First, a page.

The summer is full of living history events, and moreso, the laundry that follows a hot sweaty weekend out in a field without a shower. While plenty of women I know want to get their stays (corset) off first after an event, my priority for removal are my garters (woolen tapes tied around my leg just below my knee, and most of all: my stockings.
Stockings, MFA Boston, 99,842, a-b. http://educators.mfa.org/textile-and-fashion-arts/pair-mens-stockings-38242
Hannah Glasse advises in The Servant’s Directory, Improved (1762) to clean thread and cotton stockings thusly
Give them two lathers and a boil, blueing the water well; wash them out of the boil, but don’t rince them; then turn the wrong side outwards, and fold them very smooth and even, laying them one upon another, and a weight on them to press them smooth; let them lie a quarter of an hour, then hang them up to dry, and when quite so, roll them up tight, but don’t iron them, and they will look like new.
In 2002, the MFA Boston acquired the Leonard Lauder large collection of Japanese postcards. The most thrilling images are Taisho illustrations, with their bold block colors and imagery that was modern and traditional at the same time. All have a sense of drama and story line behind them. I tripped over this New Year’s greeting card recently. The ladies both display stylish fashion for Japan in 1932, one woman dressed in traditional trailing furisode, while the other wears a chic short coat, the thick fur collar almost concealing her face. Check out other beautiful postcards in the MFA Boston’s collection at mfa.org.
MFA Boston. 2002.1474. http://educators.mfa.org/new-years-card-women-au-courant-fashion-cityscape-120114
Der Wöchentliche Pennsylvanische Staatsbote 9/17/1773.
As part of my research on 18thcentury working class clothing, I have been studying indentured and enslaved female servants who immigrated to the American colonies. I created a database that now houses records for 1000 women and their 6000 garments. Runaway advertisements document not only clothing, but also physical characteristics, habits, skills, and other information. I started on this journey to study clothing, and to discover, if possible, elements of choice and fashion among women of the lesser sort.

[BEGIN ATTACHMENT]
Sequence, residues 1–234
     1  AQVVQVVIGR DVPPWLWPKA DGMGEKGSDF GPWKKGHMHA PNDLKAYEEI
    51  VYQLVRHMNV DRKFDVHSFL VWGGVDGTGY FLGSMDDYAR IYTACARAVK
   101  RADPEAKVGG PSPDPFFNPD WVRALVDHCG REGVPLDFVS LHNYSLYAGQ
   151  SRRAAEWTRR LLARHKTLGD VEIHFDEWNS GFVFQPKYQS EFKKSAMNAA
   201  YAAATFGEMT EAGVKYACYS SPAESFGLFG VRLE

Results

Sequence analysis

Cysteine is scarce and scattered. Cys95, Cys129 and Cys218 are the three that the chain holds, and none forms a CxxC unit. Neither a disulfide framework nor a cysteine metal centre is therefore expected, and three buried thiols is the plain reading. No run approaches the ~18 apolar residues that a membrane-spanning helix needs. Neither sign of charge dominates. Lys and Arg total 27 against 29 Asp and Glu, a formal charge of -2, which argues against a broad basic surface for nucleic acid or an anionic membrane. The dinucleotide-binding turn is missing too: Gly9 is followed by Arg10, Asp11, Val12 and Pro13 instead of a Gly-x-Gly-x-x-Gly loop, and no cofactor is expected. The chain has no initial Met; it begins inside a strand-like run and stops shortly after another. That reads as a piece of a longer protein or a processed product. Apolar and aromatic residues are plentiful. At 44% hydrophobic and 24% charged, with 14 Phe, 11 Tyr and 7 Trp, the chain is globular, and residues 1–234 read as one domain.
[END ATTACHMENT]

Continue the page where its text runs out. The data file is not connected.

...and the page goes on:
One of my next steps in the project is to code each’s eloping servant’s dress by type. I needed a way to distinguish quickly the style each woman presented. In this way, I can study those with overall utilitarian appearances together. I can study the differences between enslaved women wearing jacket & petticoat combinations of fabrics often purchased for slaves, versus those who acquired more fashionable attire and personalized their appearances. The basic distinctions are below. The uniqueness of each woman’s attire requires me interpreting, but the below categories provide some ground rules:
F – Fashionable – silk or other fashionable fabrics, fashionable accessories, pumps, ribbons, jewelry, hair dressing, trim.
M – Middling servant – plain neat dress in better fabrics, fashionable or neat and plain accessories.
S – Standard servant dress with accessories – basic garments, coarser fabrics and/or rougher shoes, but with occasionally fashionable accessories.
N – Utilitarian – Coarse fabric and shoes, plain or no accessories.
U – Field slave uniform – jacket/waistcoat & petticoat combo.
B – Male clothing.
O – Other – like breech clouts or undetermined clothing.
More as I work to make the information within the data more accessible!